Updated with more detailed story from today's Courier-Journal by Andrew Wolfson:
Northern Kentucky judge has resigned rather than face removal for multiple counts of alleged misconduct in a $200 million settlement involving the diet drug fen-phen.
Senior Judge Joseph F. Bamberger was publicly reprimanded yesterday by the state's Judicial Conduct Commission, which said his actions "shock the conscience." The panel said Bamberger would have been removed if the multiple counts of misconduct had been proved against him.
The commission said Bamberger approved attorney fees totaling at least $86 million and as much as $104 million in the 2001 settlement -- while plaintiffs injured by the popular diet-drug combination collected a total of about $74 million.
The fees included more than $2 million approved for a close friend of Bamberger's, trial consultant Mark Modlin, according to the commission, which held that the judge violated the Code of Judicial Conduct by allowing his relationship with Modlin and the attorneys to impair his objectivity.
Bamberger also allowed $20 million from the $200 million settlement to be put into a charitable fund, and then became a paid director of the fund, receiving $5,000 a month plus a $350 monthly expense allowance.
In a new lawsuit, about 200 of the 431 plaintiffs in the settlement have demanded that their attorneys -- Melbourne Mills Jr., William Gallion and Shirley Cunningham of Kentucky and Stan Chesley of Cincinnati -- surrender excess fees.
That suit, pending in Boone Circuit Court, notes that "astonishingly, more than one-half of the total settlement funds" ended up in the lawyers' hands.
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Bamberger retired in 2003 from Boone Circuit Court after 22 years on the bench but has served since as a substitute judge. He did not return calls left at his home. Modlin also did not return calls left on his cell phone and at his office.
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Yesterday's public reprimand of Bamberger was the most severe sanction the commission could take against him because he resigned.
The agency noted that Bamberger didn't require the attorneys or Modlin to prepare a written summary of how the settlement money was to be disbursed or how they were to be paid.
The panel also said the lawyers told the judge that their fees and expenses were about 49 percent of the settlement -- when they were in fact far more -- and didn't disclose they had contracts with the plaintiffs that called for them to collect no more than one-third of the settlement.
The commission said Bamberger appointed Modlin as one of the directors of the Kentucky Fund for Healthy Living, the charitable fund that received $20 million from the settlement, and in that capacity he collected a $6,500 monthly stipend and a $1,000 monthly expense allowance.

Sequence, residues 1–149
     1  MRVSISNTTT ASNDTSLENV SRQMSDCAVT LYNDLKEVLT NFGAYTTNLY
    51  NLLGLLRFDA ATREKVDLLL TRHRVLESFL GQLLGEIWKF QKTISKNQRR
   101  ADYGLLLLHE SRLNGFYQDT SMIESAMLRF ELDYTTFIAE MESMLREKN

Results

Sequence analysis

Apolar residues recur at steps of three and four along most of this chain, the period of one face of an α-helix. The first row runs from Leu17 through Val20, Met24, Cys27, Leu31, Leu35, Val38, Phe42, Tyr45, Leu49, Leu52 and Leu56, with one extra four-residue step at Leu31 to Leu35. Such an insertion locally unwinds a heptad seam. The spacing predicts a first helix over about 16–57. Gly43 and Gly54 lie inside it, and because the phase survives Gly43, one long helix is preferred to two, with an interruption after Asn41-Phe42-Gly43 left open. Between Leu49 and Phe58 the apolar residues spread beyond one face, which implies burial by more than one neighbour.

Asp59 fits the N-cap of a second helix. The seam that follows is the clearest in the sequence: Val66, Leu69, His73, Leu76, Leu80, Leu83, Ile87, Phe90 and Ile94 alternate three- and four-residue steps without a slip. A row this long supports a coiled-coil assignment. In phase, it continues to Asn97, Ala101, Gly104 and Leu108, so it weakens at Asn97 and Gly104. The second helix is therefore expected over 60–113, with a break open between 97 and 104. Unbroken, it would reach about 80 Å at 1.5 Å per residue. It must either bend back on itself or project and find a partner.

Each of the three Kentucky lawyers got $5,000 a month pay and $350 in monthly expenses.
Bamberger himself collected about $45,000 until he resigned from the board and returned the money when questions were raised last year in the plaintiffs' lawsuit against their attorneys.
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The judge's failure to disqualify himself due to his close friendship and other connections with Modlin, the blanket and unrestricted orders approving the distribution of funds, the creation of the charitable fund and the appointment of the friend and attorneys as paid directors, and Judge Bamberger's acceptance of their invitation to a position of profit, are inexcusable, the commission said.
"The actions of Judge Bamberger shock the conscience of the commission."
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From WAVE3, we find the following story which is an interesting and disturbing backdrop on the recent concerns over campaign finances and judicial recusals.
(FRANKFORT, Ky.) -- A northern Kentucky judge has resigned rather than face removal for allegedly profiting from a $200 million settlement in a lawsuit involving the diet drug fen-phen.
Judge Joseph F. Bamberger, a senior status special judge, was publicly reprimanded Monday by the Judicial Conduct Commission, which said his actions "shock the conscience."
In a letter of reprimand, the commission said the judge gave attorneys, including one of his personal friends, somewhere between $86 million and $104 million from the settlement while 431 people injured by the diet drug split about $74 million.
In addition, Bamberger allowed more than $20 million from the settlement to be put into a charitable fund administered by The Kentucky Fund for Healthy Living. The judge became a paid director of the charitable fund, receiving $5,000 a month, plus a $350 monthly expense allowance.